For work-minded people, personal digital assistants (PDAs) are the better option compared to smartphones. With business-focused features, it allows users to keep their workloads in check while keeping distractions, such as social media and video games, at bay.
But like mobile phones, these handheld devices aren’t perfect—they are as susceptible to bugs and hardware issues as most gadgets these days. Because you’ll never know when your device will act up, we round up the most common PDA issues and their quick-fix solutions for your reference. Bookmark this page in case you need it someday.
Battery Drains Fast
PDAs are powered by alkaline or rechargeable batteries. When the main battery runs out of power, an internal backup battery, which can be found on most devices, will provide a short-term power. When using a PDA, however, one of the things you must learn is that your device will lose all the data in the RAM when all the power sources are depleted. This is why you must back up your data in the cloud.
Several factors, such as the operating system, memory, wireless connections, and screen brightness, can cause your battery to drain fast. Luckily, there are several ways you can extend the battery life of your PDA. Check your device’s power management settings and adjust them accordingly. Lower the backlight, turn off Wi-Fi when not needed, and enable Airplane Mode in low-signal areas to save power.
Touchscreen Not Working
Among the key advantages of a PDA over a smartphone are its touchscreen and keypad features, which allow users to easily and quickly take down notes and create digital signatures. But these features are also among the most significant sources of headaches of PDA users.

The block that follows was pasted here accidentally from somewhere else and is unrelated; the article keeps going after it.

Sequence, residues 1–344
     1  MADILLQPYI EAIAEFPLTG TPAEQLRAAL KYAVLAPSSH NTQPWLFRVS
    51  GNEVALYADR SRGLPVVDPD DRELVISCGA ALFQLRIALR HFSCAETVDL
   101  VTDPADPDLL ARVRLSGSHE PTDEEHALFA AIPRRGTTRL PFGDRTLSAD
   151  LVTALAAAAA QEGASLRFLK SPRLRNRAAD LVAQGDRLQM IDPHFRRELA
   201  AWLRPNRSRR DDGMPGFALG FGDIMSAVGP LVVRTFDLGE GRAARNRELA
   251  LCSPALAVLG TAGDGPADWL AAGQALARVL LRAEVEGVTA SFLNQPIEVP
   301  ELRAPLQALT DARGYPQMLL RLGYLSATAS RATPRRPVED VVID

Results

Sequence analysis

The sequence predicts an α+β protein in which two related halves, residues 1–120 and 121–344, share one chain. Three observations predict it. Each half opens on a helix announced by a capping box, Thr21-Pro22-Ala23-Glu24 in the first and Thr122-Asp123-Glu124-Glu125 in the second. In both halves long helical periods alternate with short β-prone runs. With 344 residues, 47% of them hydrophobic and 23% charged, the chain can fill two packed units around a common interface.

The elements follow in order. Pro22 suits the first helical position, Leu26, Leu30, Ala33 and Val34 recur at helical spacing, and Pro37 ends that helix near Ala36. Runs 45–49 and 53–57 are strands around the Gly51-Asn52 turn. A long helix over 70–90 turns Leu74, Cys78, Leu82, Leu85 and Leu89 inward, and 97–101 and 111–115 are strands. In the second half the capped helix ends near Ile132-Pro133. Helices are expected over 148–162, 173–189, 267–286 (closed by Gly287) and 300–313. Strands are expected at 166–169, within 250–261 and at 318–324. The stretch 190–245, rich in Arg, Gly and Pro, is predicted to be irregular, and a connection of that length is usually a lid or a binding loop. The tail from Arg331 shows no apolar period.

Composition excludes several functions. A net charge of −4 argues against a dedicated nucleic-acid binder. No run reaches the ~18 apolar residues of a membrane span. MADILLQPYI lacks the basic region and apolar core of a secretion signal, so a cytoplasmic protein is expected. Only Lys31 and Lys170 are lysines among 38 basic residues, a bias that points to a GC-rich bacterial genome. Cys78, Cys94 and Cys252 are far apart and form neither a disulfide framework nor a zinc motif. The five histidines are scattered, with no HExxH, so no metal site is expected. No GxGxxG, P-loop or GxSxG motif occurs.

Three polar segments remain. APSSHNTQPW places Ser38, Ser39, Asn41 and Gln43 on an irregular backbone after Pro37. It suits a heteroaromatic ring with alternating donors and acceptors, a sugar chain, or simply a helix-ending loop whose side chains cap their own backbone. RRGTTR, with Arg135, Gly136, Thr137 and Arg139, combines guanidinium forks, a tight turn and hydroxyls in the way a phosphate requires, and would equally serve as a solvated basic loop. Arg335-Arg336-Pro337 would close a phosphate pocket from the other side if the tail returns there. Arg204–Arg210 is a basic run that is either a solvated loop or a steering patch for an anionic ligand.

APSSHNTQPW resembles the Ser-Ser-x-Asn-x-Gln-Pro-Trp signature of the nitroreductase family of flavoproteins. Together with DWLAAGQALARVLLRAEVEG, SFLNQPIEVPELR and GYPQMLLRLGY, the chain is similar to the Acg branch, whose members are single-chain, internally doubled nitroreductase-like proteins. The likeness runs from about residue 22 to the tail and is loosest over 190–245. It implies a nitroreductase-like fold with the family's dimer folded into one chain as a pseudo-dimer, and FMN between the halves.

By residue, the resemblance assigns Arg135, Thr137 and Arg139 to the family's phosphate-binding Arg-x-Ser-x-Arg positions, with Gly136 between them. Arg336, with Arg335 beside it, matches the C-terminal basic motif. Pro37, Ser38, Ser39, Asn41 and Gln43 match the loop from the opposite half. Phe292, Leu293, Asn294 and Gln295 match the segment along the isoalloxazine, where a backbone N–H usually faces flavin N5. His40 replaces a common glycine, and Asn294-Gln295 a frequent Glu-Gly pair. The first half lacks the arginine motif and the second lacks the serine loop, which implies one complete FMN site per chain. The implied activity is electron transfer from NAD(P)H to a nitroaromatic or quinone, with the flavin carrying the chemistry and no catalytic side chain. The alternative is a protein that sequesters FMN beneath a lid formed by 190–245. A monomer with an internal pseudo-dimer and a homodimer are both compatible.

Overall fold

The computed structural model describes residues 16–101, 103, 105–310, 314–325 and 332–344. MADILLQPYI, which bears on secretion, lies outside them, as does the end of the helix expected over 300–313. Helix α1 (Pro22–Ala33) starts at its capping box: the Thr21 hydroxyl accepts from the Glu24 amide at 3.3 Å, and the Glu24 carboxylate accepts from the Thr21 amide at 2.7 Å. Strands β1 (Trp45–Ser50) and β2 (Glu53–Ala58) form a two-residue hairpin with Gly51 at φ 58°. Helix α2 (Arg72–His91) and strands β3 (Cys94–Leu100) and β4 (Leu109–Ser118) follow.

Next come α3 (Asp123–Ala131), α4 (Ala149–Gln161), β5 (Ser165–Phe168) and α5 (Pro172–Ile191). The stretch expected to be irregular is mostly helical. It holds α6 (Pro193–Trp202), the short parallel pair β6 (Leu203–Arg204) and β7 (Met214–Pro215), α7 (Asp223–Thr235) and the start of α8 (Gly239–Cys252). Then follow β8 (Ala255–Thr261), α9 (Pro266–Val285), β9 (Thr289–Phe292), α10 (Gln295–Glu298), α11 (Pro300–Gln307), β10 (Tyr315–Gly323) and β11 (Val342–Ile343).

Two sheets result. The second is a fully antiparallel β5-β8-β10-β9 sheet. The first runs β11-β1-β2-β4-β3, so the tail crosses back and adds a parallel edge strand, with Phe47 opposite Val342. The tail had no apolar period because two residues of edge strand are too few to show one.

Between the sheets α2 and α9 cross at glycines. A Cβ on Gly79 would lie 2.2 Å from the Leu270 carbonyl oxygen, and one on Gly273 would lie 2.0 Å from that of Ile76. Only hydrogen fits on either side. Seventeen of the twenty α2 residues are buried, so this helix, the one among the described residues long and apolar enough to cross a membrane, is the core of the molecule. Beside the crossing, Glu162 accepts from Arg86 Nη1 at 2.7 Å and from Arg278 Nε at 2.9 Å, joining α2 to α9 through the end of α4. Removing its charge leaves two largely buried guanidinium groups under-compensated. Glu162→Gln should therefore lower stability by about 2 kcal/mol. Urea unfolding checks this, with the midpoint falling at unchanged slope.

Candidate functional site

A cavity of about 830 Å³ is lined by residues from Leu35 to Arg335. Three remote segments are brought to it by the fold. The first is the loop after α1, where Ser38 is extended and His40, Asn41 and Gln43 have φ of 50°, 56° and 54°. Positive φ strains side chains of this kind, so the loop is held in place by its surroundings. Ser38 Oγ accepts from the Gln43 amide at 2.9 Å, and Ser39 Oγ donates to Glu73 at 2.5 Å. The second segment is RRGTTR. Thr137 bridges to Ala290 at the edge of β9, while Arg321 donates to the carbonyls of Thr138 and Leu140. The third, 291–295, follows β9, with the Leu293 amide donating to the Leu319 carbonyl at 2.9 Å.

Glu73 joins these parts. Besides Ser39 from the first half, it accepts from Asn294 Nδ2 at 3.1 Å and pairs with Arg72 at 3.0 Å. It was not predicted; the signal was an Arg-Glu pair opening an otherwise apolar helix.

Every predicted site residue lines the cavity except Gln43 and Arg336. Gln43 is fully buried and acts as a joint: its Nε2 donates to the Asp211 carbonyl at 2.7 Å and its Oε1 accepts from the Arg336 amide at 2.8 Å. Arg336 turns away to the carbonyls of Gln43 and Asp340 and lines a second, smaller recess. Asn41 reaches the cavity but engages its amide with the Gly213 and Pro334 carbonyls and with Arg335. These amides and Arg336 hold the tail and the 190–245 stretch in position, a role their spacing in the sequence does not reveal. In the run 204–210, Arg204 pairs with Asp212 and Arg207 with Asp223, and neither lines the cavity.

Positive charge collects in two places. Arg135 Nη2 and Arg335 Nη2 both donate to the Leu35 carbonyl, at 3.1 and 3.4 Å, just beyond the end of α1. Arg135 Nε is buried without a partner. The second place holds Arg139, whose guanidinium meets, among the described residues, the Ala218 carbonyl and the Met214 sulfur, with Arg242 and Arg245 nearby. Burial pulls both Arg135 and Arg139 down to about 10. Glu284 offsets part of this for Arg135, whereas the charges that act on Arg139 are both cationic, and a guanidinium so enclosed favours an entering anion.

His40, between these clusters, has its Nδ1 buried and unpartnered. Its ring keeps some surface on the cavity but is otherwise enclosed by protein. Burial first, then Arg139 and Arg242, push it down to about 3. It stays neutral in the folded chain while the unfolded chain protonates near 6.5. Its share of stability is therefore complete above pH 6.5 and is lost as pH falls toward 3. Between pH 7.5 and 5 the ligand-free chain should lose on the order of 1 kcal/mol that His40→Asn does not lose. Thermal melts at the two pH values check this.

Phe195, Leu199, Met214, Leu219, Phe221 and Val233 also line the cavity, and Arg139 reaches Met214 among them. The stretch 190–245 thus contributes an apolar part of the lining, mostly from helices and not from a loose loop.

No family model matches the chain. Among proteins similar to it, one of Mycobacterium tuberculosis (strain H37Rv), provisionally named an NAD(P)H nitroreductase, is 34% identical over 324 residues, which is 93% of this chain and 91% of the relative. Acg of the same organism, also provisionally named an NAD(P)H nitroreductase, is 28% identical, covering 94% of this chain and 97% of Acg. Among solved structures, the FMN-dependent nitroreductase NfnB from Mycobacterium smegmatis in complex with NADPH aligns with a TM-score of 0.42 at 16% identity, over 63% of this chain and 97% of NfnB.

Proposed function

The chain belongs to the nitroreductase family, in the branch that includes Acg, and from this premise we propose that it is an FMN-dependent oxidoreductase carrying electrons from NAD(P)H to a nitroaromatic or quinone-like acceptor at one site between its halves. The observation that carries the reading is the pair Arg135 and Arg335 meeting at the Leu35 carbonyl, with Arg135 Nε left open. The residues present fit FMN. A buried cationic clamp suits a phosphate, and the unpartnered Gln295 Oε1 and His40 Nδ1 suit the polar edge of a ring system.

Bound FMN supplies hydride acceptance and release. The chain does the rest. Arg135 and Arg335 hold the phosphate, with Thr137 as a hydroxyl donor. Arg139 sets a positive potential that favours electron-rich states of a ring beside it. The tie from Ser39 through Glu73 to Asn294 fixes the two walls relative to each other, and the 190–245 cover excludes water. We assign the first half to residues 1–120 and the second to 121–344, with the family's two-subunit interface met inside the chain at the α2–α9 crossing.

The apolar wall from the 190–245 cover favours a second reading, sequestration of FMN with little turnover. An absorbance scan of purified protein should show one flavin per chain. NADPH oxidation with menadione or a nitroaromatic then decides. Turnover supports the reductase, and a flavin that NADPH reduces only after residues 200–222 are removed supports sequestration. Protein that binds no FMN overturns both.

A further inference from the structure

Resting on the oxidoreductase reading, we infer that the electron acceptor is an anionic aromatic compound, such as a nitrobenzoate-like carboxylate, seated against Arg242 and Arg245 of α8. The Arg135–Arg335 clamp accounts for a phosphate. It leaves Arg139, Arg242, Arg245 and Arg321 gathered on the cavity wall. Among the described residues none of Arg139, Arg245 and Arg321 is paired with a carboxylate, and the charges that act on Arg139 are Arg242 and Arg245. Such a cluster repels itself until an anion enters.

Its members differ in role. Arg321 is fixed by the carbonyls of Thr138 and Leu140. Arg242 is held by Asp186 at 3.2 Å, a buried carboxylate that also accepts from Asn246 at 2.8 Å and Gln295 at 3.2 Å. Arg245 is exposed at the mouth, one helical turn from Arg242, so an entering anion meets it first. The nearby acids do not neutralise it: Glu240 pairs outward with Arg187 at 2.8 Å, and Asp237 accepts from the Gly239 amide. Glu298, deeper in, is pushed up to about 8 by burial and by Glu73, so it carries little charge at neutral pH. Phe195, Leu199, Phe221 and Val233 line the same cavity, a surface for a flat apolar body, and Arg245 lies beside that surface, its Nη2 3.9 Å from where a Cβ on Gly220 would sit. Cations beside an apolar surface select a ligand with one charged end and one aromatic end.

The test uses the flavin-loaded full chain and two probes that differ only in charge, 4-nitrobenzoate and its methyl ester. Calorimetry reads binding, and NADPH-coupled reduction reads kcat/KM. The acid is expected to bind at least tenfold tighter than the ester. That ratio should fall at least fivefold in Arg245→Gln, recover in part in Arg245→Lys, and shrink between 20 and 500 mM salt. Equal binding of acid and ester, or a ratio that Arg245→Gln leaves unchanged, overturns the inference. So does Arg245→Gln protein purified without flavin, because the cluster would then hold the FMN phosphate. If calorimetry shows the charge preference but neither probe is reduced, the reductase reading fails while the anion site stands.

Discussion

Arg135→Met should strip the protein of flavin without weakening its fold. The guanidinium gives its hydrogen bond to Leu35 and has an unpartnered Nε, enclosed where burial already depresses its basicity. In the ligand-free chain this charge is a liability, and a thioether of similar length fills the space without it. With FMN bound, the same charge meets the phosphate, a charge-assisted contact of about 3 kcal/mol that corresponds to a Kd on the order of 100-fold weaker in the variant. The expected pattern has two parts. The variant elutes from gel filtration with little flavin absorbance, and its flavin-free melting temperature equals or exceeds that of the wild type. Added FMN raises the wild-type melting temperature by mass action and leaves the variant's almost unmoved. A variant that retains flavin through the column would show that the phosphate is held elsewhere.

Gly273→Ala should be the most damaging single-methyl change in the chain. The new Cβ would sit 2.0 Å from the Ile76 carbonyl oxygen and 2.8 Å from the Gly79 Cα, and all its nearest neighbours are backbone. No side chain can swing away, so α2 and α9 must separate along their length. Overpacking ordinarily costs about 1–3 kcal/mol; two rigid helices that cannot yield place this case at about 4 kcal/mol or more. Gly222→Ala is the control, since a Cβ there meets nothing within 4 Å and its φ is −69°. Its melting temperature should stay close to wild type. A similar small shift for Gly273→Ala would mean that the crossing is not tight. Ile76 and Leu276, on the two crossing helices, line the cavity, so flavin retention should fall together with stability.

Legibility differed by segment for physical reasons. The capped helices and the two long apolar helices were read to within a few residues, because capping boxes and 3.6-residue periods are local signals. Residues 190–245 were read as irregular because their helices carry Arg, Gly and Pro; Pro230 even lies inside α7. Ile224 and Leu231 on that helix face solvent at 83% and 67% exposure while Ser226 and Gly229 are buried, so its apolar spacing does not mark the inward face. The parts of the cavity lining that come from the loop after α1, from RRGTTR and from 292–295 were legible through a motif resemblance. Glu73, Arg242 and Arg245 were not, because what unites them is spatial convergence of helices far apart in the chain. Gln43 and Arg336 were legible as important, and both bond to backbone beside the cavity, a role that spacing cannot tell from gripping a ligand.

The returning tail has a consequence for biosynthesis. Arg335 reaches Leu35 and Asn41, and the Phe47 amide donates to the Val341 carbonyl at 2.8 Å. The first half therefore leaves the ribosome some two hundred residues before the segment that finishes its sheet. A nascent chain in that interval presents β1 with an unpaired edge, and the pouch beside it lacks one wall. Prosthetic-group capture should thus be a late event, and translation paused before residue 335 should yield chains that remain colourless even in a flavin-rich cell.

If your touchscreen is unresponsive, try cleaning the screen by wiping it off with a clean cloth then restarting it. If this doesn’t solve the problem, bring your device to a PDA repair expert because it might be defective. As an extra measure, invest in a good screen protector.
Trouble Using the Stylus
The stylus makes signing documents more comfortable, but they can also be a pain when they decide to act crazy. If you are having difficulty using your stylus, the problem could be the touchscreen. Again, go back to the previous item for the solution. If you still can’t touch the correct letter on the keyboard, try calibrating the screen by performing a screen alignment. A PDA that failed an alignment test might already be defective, so it’s best to get a replacement.
Lack of Storage Space
As with most mobile phones, a lack of storage space on PDA devices can be quickly addressed by freeing up memory. Delete unnecessary files or back them up in the cloud. If your PDA has a memory card slot, consider offloading your excess data in the internal memory to a microSD card.
Wireless Connectivity Issues
The initial PDA models were devoid of wireless connectivity features. But wireless connections are now frequent in most PDA devices. Still, some users find it difficult to connect their devices to Wi-Fi or Bluetooth. When this happens, a quick restart could solve the problem. If it doesn’t, try repairing your connectivity settings by disconnecting or un-pairing your device before you try to connect again.
Taking care of your PDA goes a long way in extending its service life. When your device runs into issues, a simple restart sometimes solves the problem. But if you’re unsure how to troubleshoot your PDA, turn to your trusted technician for help.